Centre for Flexible Learning (CFL)
September 23, 2010 11:14 Age: 7 yrs

More Moodle in the mid semester break

Participants at the Moodle Introductory Training workshop at USP Alafua Campus, Samoa

A series of Moodle workshops and a seminar were conducted at USP Laucala and Alafua Campuses during the mid semester break from 13th to 20th September, 2010. The ‘Introduction to Moodle’ and ‘Increasing Student Engagement’ Moodle workshops were held at USP Laucala Campus while a Moodle Introductory Training workshop was held at the USP Alafua Campus. This was followed by a seminar presentation at USP Laucala Campus by Mr. Vilimaka Foliaki of the School of Education sharing his experiences in using Moodle for learning and teaching.

Close to 30 participants from different faculties and sections of the University attended the Introduction to Moodle and Increasing student engagement Moodle workshops held at USP Laucala Campus on 14th and 16th September respectively. These workshops focused on the overall concepts of online learning and teaching using Moodle and how best to use Moodle’s communication and collaboration tools to enhance the learning experiences of students.

CFDL together with the Faculty of Business & Economics hosted the inaugural Introductory Moodle workshop at the USP Alafua Campus in Samoa for the School of Agriculture and Food Technology (SAFT) staff on 16th and 17th of September. DFL tutors also joined in. The workshop at the Alafua Campus focused on providing participants with an introduction to online learning and teaching using Moodle. It looked at the content presentation, communication and collaboration and assessment tools in Moodle that could be used for developing online courses in Moodle. The participants found the workshop very useful and was a great learning experience.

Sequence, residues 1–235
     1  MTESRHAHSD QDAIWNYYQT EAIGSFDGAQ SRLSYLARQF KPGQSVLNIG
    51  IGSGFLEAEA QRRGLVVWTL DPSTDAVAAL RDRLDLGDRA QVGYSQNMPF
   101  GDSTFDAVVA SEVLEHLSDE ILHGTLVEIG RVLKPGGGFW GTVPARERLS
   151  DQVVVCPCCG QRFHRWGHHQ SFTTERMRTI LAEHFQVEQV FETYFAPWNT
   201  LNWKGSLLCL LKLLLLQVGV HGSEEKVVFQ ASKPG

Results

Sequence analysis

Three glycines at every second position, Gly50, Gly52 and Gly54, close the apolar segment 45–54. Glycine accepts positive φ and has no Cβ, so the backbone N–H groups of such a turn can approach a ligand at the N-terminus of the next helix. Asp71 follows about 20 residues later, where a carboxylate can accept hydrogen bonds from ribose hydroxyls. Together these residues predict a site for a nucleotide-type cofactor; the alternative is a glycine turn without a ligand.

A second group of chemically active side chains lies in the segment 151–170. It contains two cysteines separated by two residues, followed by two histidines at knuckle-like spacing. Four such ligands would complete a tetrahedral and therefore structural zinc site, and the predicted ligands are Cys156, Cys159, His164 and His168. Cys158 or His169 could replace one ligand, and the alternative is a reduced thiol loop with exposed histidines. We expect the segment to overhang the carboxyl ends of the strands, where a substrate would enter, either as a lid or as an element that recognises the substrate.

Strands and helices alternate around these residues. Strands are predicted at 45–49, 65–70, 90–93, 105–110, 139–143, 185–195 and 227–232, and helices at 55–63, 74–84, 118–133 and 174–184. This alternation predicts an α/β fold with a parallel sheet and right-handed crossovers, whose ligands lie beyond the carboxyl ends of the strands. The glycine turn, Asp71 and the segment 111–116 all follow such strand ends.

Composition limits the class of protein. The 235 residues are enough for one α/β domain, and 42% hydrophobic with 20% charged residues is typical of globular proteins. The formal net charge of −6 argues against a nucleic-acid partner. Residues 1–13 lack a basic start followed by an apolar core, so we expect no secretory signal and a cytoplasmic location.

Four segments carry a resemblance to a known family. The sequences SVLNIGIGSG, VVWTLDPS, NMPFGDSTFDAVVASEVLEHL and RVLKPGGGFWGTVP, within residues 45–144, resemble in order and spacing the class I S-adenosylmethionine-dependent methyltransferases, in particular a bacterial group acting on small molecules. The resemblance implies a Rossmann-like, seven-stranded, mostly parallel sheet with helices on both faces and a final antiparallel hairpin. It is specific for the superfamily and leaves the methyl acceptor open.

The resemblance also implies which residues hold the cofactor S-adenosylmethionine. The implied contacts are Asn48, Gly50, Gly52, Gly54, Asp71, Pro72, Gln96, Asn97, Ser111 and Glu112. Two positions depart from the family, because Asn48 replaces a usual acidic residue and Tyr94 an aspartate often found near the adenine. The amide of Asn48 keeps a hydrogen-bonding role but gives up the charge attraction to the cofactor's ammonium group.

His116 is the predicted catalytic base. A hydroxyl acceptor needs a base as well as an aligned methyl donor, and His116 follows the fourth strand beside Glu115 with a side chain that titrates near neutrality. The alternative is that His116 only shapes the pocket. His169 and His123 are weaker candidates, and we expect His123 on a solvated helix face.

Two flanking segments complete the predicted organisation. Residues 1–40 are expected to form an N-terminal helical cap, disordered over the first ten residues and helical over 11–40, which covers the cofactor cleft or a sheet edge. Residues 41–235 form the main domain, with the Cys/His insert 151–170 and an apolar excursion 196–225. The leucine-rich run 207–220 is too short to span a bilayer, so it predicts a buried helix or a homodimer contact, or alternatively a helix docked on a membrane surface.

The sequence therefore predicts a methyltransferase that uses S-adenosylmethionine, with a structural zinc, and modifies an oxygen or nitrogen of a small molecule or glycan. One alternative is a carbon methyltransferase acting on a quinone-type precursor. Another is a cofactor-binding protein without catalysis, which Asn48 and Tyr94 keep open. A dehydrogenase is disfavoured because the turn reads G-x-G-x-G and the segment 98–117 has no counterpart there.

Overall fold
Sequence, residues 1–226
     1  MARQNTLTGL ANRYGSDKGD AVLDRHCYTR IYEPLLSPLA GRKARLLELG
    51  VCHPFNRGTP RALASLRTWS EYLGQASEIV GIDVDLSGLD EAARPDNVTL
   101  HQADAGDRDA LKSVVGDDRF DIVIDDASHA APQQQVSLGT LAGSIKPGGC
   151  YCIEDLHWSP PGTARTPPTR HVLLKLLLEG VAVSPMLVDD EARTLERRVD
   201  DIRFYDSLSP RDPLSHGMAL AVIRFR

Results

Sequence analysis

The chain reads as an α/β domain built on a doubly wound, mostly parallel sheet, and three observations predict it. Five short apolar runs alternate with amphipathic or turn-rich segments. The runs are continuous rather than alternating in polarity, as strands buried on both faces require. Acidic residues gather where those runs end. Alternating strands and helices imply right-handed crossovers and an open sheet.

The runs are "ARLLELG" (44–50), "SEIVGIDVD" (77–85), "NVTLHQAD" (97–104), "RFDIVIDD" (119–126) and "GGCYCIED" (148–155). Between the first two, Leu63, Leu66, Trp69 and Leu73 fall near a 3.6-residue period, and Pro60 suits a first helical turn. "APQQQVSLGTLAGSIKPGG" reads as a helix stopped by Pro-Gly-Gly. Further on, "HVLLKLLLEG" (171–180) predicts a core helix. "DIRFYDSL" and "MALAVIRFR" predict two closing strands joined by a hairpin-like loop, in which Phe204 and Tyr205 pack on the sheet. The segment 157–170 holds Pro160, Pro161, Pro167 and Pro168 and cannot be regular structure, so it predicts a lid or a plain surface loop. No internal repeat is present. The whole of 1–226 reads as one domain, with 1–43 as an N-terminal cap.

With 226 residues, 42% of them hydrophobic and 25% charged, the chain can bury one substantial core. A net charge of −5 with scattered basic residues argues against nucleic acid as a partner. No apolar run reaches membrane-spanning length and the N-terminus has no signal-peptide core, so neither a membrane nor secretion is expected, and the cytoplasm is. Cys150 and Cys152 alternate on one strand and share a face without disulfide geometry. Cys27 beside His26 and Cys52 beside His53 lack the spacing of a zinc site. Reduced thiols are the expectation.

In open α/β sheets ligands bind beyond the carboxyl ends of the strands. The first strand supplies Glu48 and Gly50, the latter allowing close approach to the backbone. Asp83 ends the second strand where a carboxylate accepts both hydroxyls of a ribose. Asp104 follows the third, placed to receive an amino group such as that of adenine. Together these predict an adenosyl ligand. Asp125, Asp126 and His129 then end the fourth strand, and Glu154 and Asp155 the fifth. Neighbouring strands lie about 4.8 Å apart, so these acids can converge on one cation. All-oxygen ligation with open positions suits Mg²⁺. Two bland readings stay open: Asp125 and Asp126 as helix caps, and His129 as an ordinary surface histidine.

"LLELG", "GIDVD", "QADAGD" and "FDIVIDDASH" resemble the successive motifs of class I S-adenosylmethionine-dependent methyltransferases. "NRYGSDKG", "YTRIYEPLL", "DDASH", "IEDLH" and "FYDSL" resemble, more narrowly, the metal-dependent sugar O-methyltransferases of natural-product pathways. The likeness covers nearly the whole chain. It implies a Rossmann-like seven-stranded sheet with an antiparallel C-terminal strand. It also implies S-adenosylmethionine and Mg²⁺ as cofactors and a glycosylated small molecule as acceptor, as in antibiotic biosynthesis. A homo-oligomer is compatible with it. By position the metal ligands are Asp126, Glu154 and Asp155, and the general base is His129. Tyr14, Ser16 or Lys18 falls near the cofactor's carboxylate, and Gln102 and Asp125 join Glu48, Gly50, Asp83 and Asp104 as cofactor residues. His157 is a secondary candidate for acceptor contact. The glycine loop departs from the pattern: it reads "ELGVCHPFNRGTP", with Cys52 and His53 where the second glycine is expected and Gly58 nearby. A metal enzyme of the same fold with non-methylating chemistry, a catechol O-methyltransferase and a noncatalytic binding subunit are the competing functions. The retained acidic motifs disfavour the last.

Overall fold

On the 20th of September, Mr. Vilimaka Foliaki of the School of Education conducted a seminar on his experiences with online learning and teaching at USP using Moodle which was part of the Talanga SOE Seminar Series. In this seminar, he shared his experiences with some of the features of Moodle which his students found very useful. The seminar also referred to data (both collected from a class of 130+ students who in the first semester of 2010 used a Moodle course page to support their learning in the traditional F2F mode.

CFDL is anticipating working closely with the faculties to offer more of these types of workshops and seminars.